I have 1st year strawberries and have been clipping the runners and taking off the blooms. I'll continue both for the June bearers but will start letting the everbearing blossom and bear a late crop. My question is, will the clipped runners root in a nursery bed if clipped from the mother plant before rooting? My tad of thrifty Scots just hates to waste them.

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Re: Strawberry Plants - NE

Post  Turan on 4/27/2012, 5:04 pm

@walshevak wrote:I have 1st year strawberries and have been clipping the runners and taking off the blooms. I'll continue both for the June bearers but will start letting the everbearing blossom and bear a late crop. My question is, will the clipped runners root in a nursery bed if clipped from the mother plant before rooting? My tad of thrifty Scots just hates to waste them.

Kay
I thought if you clip the runners you don't need to clip the flowers. I thought that was the point of clipping runners the first year.

No reason not to try rooting them. Make sure the medium you root them in stays uniformly damp.
Good luck!

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Re: Strawberry Plants - NE

Post  AvaDGardner on 5/1/2012, 11:15 pm

@ NHG...if a plant will support with vital plant energy any living thing on it (even if is dying), then where would you want to remove growth? As close to the mother crown as possible.

I don't get wiggy about it...I just take the stem in hand, reach in towards the center of the plant and pinch it off with a slight twist (just my thumb & forefinger). Runners, dead leaves, ripe berries, roly eaten berries...what ever.


@Kay, I agree...if you have a runner, plant it! If it doesn't take, you haven't lost anything.

Not even seeds. Razz

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Re: Strawberry Plants - NE

Post  GWN on 5/1/2012, 11:42 pm

avaDgardener
I love your posts, you always take a subject and bring it down to common sense. Lets face it this berry stuff is complicated. June bearing, fall bearing, overbearing day neutral etc.
I am trying to sort out strawberries and raspberries and my head feels like it is spinning after awhile.

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Re: Strawberry Plants - NE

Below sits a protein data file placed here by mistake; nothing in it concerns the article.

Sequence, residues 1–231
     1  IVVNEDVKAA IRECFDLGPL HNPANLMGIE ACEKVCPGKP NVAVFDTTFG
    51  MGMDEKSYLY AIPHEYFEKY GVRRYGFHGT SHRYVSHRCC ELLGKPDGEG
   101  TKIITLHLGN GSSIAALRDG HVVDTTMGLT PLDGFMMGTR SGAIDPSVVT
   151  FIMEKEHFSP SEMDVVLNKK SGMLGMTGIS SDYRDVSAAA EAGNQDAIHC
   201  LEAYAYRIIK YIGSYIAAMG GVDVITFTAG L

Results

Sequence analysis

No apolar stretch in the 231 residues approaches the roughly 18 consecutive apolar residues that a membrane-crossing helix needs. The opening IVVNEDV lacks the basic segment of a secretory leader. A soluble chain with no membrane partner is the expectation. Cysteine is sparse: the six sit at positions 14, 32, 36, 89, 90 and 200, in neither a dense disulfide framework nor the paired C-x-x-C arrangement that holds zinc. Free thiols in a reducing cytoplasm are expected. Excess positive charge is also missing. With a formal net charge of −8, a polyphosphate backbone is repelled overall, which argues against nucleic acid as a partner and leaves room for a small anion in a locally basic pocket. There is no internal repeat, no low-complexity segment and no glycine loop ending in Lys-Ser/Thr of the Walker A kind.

Post  GWN on 5/1/2012, 11:44 pm

DID I actually say OVERBEARING or was that a Freudian typo error blush

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"

Post  AvaDGardner on 5/2/2012, 12:39 am

@GWN wrote:DID I actually say OVERBEARING or was that a Freudian typo error



You always crack me up!

Get this..."On its side, Antilla is a medium-cycle strawberry, "with very good quality and production and a very little deformation,"

Does that mean you lay it over? Not dangle it by the stem? What's a medium cycle? The little deformation...that I understand! I get some really weird shaped Sequoias.

I'm sure they mean it as a possessive...as in compared to the other berry introduce in Spain in 2010. http://www.freshplaza.com/news_detail.asp?id=72146#SlideFrame_1

I read somewhere that Driscoll has their own berry. I buy theirs whenever I need to buy berries. I wish I could grow their 'regular' cultivar! How do they produce them year round? Big, perfect shape, delicous flavor.

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Re: Strawberry Plants - NE

Post  GWN on 5/2/2012, 12:46 am

How do they produce them year round? Big, perfect shape, delicous flavor.
All I can say is that ANYTHING that is better than the grocery store should be great.
I bought a few bundles of store strawberries the other day and they were big and very colourful. however they really lacked any flavour.
So I am really looking forward to my own, and they are all "gifts" I have been given, OR "pilfered" from my mothers garden, and so I have NO idea as to their names..... basically ...?? heinz 57s

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Re: Strawberry Plants - NE

Post  GWN on 5/2/2012, 12:58 am

Get this..."On its side, Antilla is a medium-cycle strawberry, "with very good quality and production and a very little deformation,"
on its side.... go figure... what the heck does that mean?

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Re: Strawberry Plants - NE